I just finished book 5 of the Baum OZ books: The Road to OZ. I liked this children’s book quite a good bit. By the time he wrote this, I think Baum was writing the stories and characters he wanted to write, and returning to OZ only because the market demanded it. Still, I love his creativity. I’ll never forget the Scoodlers!
Here are some quotes that I enjoyed:
“Where do you expect to get to?” asked Dorothy.
“I’m like Button-Bright. I don’t know,” answered the shaggy man, with a laugh. “But I’ve learned from long experience that every road leads somewhere, or there wouldn’t be any road; so it’s likely that if we travel long enough, my dear, we will come to some place or another in the end.
What place it will be we can’t even guess at this moment, but we’re sure to find out when we get there.”
“Why, yes,” said Dorothy; “that seems reas’n’ble, Shaggy Man.”
“What’s sov’rin, and what’s c’u’nity?” inquired Button-Bright.
“Don’t ask so many questions, little boy.”
“Ah, why indeed?” exclaimed the captain, looking at Button-Bright admiringly.
“If you don’t ask questions you will learn nothing. True enough. I was wrong. You’re a very clever little boy, come to think of it—very clever indeed. But now, friends, please come with me, for it is my duty to escort you at once to the royal palace.”
I loved the introduction to Johnny Dooit. I read it while I was donating blood, and the idea really charmed me. I particularly appreciated that the Shaggy man looked in the water (presumably seeing his reflection) and then felt his anxiety wash away and could sleep.
Long after the others were asleep, however, the shaggy man sat in the starlight by the spring, gazing thoughtfully into its bubbling waters. Suddenly he smiled and nodded to himself as if he had found a good thought, after which he, too, laid himself down under a tree and was soon lost in slumber. ………
“Don’t be too sure of that, my dear,” spoke the shaggy man, a smile on his donkey face. “I may not be able to do magic myself, but I can call to us a powerful friend who loves me because I own the Love Magnet, and this friend surely will be able to help us.”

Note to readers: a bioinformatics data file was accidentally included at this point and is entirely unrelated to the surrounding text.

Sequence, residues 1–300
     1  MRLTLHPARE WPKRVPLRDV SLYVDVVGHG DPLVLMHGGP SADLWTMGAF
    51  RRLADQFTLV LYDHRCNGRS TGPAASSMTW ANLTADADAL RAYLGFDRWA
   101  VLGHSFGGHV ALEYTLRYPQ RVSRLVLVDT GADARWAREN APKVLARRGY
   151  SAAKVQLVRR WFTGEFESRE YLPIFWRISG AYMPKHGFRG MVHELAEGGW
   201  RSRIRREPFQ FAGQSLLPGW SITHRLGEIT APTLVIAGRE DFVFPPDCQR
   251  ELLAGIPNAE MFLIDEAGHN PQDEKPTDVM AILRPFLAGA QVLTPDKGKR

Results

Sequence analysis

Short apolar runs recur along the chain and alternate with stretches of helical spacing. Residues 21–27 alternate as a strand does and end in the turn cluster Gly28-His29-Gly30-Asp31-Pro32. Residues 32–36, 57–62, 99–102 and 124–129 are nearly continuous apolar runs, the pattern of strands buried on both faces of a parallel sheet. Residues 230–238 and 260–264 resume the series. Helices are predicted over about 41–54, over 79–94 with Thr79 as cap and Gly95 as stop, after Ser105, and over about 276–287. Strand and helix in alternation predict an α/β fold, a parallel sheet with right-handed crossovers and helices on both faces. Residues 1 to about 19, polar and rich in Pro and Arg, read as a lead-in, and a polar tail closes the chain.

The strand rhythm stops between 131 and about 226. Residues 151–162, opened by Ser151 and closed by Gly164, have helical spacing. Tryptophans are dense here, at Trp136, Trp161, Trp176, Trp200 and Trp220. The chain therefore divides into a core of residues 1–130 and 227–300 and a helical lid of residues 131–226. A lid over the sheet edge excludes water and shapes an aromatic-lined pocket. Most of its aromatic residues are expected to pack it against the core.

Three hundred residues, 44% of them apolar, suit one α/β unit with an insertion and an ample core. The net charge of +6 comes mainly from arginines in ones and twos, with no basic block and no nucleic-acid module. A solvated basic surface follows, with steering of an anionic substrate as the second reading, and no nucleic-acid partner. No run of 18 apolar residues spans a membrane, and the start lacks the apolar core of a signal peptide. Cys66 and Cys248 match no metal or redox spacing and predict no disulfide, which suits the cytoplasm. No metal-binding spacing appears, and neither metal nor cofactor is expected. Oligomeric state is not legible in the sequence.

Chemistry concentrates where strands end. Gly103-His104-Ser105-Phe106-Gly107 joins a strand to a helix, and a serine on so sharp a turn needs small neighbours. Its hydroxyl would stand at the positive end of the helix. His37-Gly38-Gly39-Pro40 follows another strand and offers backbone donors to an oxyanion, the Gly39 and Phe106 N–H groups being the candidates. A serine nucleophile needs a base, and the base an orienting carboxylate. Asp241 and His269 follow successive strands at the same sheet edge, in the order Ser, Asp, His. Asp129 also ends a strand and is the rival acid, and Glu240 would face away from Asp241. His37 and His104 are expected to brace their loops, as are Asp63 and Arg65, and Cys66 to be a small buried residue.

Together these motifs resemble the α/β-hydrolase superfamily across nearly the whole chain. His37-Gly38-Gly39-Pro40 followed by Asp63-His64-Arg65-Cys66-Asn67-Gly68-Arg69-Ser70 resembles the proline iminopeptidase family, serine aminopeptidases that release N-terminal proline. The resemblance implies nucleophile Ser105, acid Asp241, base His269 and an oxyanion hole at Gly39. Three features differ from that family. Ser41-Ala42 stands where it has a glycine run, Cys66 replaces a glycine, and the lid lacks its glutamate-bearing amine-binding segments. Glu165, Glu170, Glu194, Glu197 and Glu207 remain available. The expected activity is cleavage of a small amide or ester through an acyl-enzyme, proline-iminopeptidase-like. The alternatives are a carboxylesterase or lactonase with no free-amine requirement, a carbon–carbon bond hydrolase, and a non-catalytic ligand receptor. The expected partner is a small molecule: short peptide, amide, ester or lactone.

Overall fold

“Who is your friend?” asked Dorothy.
“What can Johnny do?”
“Anything,” answered the shaggy man, with confidence.
“Ask him to come,” she exclaimed, eagerly.
The shaggy man took the Love Magnet from his pocket and unwrapped the paper that surrounded it. Holding the charm in the palm of his hand he looked at it steadily and said these words:
“Dear Johnny Dooit, come to me.
I need you bad as bad can be.”
“Well, here I am,” said a cheery little voice; “but you shouldn’t say you need me bad, ’cause I’m always, ALWAYS, good.”
A little later we hear Johnny’s wonderful little song. I may want to memorize this:
Johnny Dooit moved quickly now—so quickly that they were astonished at the work he was able to accomplish. He had in his chest a tool for everything he wanted to do, and these must have been magic tools because they did their work so fast and so well.
The man hummed a little song as he worked, and Dorothy tried to listen to it. She thought the words were something like these:
The only way to do a thing
Is do it when you can,
And do it cheerfully, and sing
And work and think and plan.
The only real unhappy one
Is he who dares to shirk;
The only really happy one
Is he who cares to work.
Whatever Johnny Dooit was singing he was certainly doing things, and they all stood by and watched him in amazement.
“Money! Money in Oz!” cried the Tin Woodman. “What a queer idea! Did you suppose we are so vulgar as to use money here?”
“Why not?” asked the shaggy man.
“If we used money to buy things with, instead of love and kindness and the desire to please one another, then we should be no better than the rest of the world,” declared the Tin Woodman. “Fortunately money is not known in the Land of Oz at all. We have no rich, and no poor; for what one wishes the others all try to give him, in order to make him happy, and no one in all Oz cares to have more than he can use.”
You could love the Tin Woodman because he had a fine nature, kindly and simple; but the machine man you could only admire without loving, since to love such a thing as he was as impossible as to love a sewing-machine or an automobile. Yet Tik-tok was popular with the people of Oz because he was so trustworthy, reliable and true; he was sure to do exactly what he was wound up to do, at all times and in all circumstances. Perhaps it is better to be a machine that does its duty than a flesh-and-blood person who will not, for a dead truth is better than a live falsehood.
I think there is wisdom in here.
- Back from My Journey IN OZ (tbolto.wordpress.com)
- Road to Oz comic adaptation is nice and beautiful (joethestickfiddler.wordpress.com)